Fresco vs Mosaic

A church in its external appearance is distinct from other buildings. A church building can be seen as clothing for the liturgy, in that it follows the form of the liturgy. In this respect, the exterior design works from the inside out; beginning with the size and amplitudes. The relationship between the church and the wall paintings and mosaics are infinitely intertwined. Frescoes were often made during the late Medieval Period and the Renaissance, particularly in Italy.

Frescoes (wall or ceiling paintings done on wet plaster) are found frequently in the catacombs. Most depict biblical subjects that reflect the Christian hope of salvation and eternal life (Cunningham, Reich 141). Mosaics on the other hand, consist of many small pieces of colored glass assembled and strategically placed to create art. Connected to the great demographic rise of Christian converts, the earliest specifically Christian frescoes began appearing in the catacombs of Rome at the beginning of the third century.

Christ Teaching the Apostles depicts a Eucharist banquet; one common concept of this time is the communion meal of Jesus at the Last Supper as an outlook of the holy banquet that anticipated all Christians in the next life. The Christ Teaching the Apostles seems to be dull; the colors are running together as if showing the true feelings people held at that time. The feeling that they were realists and living for eternal life (needn’t be any colored glass per say).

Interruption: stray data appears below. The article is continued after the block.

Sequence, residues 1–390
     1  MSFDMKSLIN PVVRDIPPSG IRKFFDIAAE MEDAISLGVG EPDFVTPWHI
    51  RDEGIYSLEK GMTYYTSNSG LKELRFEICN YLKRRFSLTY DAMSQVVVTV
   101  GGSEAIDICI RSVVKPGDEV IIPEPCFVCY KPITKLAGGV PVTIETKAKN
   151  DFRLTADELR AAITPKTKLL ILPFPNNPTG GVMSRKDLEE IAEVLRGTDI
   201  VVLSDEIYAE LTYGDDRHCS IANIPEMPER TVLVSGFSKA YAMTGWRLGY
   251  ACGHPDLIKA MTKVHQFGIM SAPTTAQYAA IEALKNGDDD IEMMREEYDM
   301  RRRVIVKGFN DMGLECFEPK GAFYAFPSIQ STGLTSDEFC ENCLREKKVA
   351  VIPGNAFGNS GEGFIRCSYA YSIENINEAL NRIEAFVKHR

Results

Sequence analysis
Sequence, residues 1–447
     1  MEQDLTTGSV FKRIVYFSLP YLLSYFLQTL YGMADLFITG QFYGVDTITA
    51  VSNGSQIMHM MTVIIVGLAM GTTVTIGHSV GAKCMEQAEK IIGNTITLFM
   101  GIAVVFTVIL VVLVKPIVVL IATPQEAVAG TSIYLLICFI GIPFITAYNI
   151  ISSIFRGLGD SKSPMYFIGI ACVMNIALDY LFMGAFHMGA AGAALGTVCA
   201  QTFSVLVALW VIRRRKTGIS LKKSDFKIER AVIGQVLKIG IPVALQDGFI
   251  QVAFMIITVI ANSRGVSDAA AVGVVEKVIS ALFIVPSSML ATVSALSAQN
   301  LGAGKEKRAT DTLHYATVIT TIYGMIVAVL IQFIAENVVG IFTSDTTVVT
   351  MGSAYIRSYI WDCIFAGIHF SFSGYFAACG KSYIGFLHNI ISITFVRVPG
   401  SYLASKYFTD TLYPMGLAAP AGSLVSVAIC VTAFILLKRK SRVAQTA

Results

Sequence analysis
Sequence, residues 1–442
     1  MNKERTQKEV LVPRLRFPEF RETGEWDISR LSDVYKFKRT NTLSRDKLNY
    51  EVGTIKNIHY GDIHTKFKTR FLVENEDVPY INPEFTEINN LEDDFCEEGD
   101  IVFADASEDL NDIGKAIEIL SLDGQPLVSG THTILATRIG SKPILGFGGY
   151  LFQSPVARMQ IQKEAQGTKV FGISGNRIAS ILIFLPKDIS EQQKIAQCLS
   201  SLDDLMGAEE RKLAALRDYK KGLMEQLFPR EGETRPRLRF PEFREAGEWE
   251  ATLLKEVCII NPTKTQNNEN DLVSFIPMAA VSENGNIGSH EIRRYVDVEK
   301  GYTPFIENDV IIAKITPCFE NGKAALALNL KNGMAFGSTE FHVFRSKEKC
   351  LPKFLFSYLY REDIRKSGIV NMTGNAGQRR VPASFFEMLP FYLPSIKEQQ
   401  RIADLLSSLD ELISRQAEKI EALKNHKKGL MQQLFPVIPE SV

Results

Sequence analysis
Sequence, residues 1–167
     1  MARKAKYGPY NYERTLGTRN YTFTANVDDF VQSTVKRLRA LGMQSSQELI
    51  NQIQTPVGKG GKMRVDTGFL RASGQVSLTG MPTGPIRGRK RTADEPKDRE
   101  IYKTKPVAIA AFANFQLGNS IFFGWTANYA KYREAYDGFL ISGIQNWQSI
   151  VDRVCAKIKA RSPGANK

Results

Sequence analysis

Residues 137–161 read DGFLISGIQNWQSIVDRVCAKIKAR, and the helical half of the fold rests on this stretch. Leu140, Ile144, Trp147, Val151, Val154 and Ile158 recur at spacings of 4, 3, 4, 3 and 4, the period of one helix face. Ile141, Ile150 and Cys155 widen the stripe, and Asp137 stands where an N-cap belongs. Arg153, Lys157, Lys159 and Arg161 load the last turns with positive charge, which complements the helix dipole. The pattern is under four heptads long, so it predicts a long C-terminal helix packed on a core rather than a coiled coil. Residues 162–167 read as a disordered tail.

The frescoes lead to future artistic themes such as the mosaic; becoming more elaborate over the years. The mosaic of Theodora shows her inner beauty and is lit up by the array of colors of glass. The gold background of the empress created a light that reflected the surface as a symbol of Christ’s self proclaimed roll as “light of the world. ” There is a lack of naturalism and a love for elaborate patterns (Empress Theodora) that the opposing fresco shows perfectly.

The mosaic’s uneven surface that reflects the light is created by setting the small pieces that make up the mosaic less than fully flesh with the wall (Cunningham, Reich 164). Theodora is shown holding a chalice complementing the bread basket held by her husband, the emperor. The depiction looks exactly what scholars are disagreeing over; it looks as if the royal couple is bringing gifts for the celebration of the liturgy. As stated on page 165 of our textbook, it was crucial for rulers to bring gifts, such as the ones shown, to the most important churches.

The Christ Teaching the Apostles artwork shows a man who seems to be the center of everyone who is circled around him; followers to the higher figures. The mosaic on the top of page 164 shows the imperial group; the ones closest to the empress seem to be more individualized like her and the ones off in the background appear to be watching and awaiting something important. To one, a piece of art could be a meadow with birds, bees, and squirrels; to another, it could be a mixture of colors that run together, creating chaos.

Artwork consists of many elements alike and different that constitutes a whole piece. Whether frescoes or mosaics, something is defined by any piece of artwork we look at.

Works Cited Cunningham, Lawrence and John Reich. Culture and Values: A Survey of the Humanities. Wadsworth. 2010, 2006. Print. Dictionary. LLC. Copyright. 2011. Web. 29 April 2011. <www. dictionary. com>. Empress Theodora. 2011. Web. 28 April 2011. <http://www. stockton. edu/~fergusoc/lesson4/jump6. htm>.